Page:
We have our trials early and the available Trial papers for purchase come out too late. That means we usually prepare our own. I’m really pleased with this paper and have included marking guides.
I’ve spent the last two days writing a Belonging paper. The questions were easy. Finding the ‘right’ texts took a little longer (and I’ve got a sore neck!) Along the way I found a few sites and blogs with ideas on related texts and other things:
Mrs Langford’s weblog *****
One thing that’s hard to find are visual texts that aren’t a cliche. Although I did like this one. “Write the story of the alligator on the right”,: “Buzz off, I saw him first!” or add a caption for the baby bird!
For what it is worth, I’m sharing my AOS unit on The Joy luck Club. I experimented with a different way to teach the unit this year. Instead of a “close study’ of the text accompanied by exploring the concept through various stimulus and related texts, I very deliberately approached the Area of Study through related concepts. The focus is on two main idea: Belonging and place and belonging and identity. Each phase began with a stimulus and investigation of the concept, then moved into the text, back out to some creative/response writing, back into related texts, back to the main concept.
In previous years we always seemed to get bogged down in the set text and students frequently stayed stuck in the text. I wanted students to be more responsible for their own learning and grapple with the text themselves within the framework of the Belonging concept. It was much more enjoyable teaching this way, and did give students many opportunities to connect and reconnect with the set texts and a variety of related texts. Their work in the assessment task was also better.
In preparing the unit to share, the simple table format is one I have used for many years. It helps me remember what I was thinking when I designed the original lesson. I think it helps another reader to understand the point of a lesson. Any comments appreciated.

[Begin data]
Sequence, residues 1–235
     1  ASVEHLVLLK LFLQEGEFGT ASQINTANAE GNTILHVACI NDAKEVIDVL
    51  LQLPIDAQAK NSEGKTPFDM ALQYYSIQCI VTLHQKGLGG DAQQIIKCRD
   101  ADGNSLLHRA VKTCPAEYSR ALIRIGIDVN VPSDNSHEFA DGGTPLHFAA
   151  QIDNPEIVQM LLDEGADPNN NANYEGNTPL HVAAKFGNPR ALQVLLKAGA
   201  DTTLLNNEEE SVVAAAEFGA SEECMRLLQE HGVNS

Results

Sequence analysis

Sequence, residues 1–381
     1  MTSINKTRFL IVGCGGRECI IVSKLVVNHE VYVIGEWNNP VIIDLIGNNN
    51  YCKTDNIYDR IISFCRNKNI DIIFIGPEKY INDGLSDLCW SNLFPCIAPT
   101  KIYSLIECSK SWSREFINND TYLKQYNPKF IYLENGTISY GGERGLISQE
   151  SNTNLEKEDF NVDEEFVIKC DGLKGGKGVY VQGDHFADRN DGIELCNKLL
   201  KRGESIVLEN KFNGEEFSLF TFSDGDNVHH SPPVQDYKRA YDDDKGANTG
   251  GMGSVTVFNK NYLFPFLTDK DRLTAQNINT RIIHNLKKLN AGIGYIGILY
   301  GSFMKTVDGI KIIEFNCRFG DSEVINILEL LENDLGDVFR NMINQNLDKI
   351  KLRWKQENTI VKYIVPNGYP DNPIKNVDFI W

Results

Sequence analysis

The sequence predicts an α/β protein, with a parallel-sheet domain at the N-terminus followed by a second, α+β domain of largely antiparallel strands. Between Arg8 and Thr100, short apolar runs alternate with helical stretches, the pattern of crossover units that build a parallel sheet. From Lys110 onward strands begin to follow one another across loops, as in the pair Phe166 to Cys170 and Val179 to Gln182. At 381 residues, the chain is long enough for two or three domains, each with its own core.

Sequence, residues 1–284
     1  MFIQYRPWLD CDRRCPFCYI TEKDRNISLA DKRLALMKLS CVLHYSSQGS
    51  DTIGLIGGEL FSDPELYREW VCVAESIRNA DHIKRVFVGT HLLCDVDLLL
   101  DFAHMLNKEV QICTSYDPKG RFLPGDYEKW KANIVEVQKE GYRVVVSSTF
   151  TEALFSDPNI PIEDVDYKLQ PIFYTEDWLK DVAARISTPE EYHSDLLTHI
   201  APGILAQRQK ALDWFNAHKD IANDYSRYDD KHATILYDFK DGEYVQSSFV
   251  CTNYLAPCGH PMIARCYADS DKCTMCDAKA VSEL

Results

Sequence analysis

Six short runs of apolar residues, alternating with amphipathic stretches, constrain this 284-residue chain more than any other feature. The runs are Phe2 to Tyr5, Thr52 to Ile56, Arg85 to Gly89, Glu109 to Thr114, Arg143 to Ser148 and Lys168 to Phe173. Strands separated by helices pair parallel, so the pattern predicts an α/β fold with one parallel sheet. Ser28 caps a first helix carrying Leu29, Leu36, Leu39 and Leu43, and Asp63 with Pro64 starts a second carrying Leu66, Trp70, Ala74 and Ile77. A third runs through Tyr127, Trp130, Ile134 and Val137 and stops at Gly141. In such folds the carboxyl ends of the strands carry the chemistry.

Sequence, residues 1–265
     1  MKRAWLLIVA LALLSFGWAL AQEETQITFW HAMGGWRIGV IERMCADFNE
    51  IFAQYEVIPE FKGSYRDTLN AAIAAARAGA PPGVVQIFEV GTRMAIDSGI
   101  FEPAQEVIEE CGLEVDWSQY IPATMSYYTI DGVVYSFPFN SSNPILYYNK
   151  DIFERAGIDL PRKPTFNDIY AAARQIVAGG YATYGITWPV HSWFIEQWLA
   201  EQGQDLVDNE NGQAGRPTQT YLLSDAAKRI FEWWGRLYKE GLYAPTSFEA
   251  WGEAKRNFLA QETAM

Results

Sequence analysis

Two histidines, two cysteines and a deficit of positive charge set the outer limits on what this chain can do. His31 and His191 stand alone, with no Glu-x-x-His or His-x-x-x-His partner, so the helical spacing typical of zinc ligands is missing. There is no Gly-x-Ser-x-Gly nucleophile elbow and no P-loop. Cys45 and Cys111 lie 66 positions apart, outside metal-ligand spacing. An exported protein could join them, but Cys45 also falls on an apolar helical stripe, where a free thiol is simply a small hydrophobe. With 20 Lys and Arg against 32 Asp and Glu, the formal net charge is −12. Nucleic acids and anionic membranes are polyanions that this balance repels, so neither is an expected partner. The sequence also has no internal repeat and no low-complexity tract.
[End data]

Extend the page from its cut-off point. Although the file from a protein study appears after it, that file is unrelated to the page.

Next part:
These are the last few weeks of school for 2011 HSC students and we have been busy writing practice essays and adding some depth to our thinking about each module and its concepts. Over the years I have worked through many ways of helping students to prepare for this exam, not least with my own kids. How to summarise effectively in English often presents problems for students. Unlike many content based subjects where a list of headings from a textbook and memory cards can help a lot, in English students have to think about the concepts and essay question, draw on everything they know about the topic, select from their knowledge to answer effectively, as well as write an effective essay all under exam conditions. You can tell by the length of that last sentence how overwhelming that can be.
This year I experimented with a great piece of advice from Mrs Langford’s Weblog. She suggested students prepare for Module A by thinking about the ‘big questions” in the texts for Module A and organsing notes under these big ideas. She concludes: It is important that you integrate your notes by organising them under key ideas rather than summarising each text separately. Integrated notes lead to writing integrated responses.
I really liked the thinking behind this and tried it out in the classroom with the Area of Study. Students thought about the “big ideas” about belonging on their own and then combined in teams to share and write down three “big ideas”. They had to write complete well thought out sentences, since I wanted them to practice writing topic sentences they could use in their essays. We selected 7 of the ideas as a class. We then had a discussion about how an idea was related to a text they had studied in the AOS. With some prompt questions we pushed that thinking to include the techniques the writer was using and evidence from the texts. I then moved students into teams with one “big idea” each and we played ‘Speed Dating”. Each team had a few minutes to add text, techniques, quotes and evidence to the big idea on the sheet and then moved on to the text ‘big idea’.
It was great fun requiring some high energy from tired year 12 students, and produced lots of deeper thinking and revision of texts. By the end of the lesson we had a very useful summary that students could refine and add to and that was set up especially to support their essay writing.
I’ve since tried it out with year 11 who are also preparing for exams. The response from Year 12 was very positive, with students keen to repeat the exercise with their modules. It is nice to find a workable, high energy way to keep Year 12 working in the midst of what can be a trying time at school!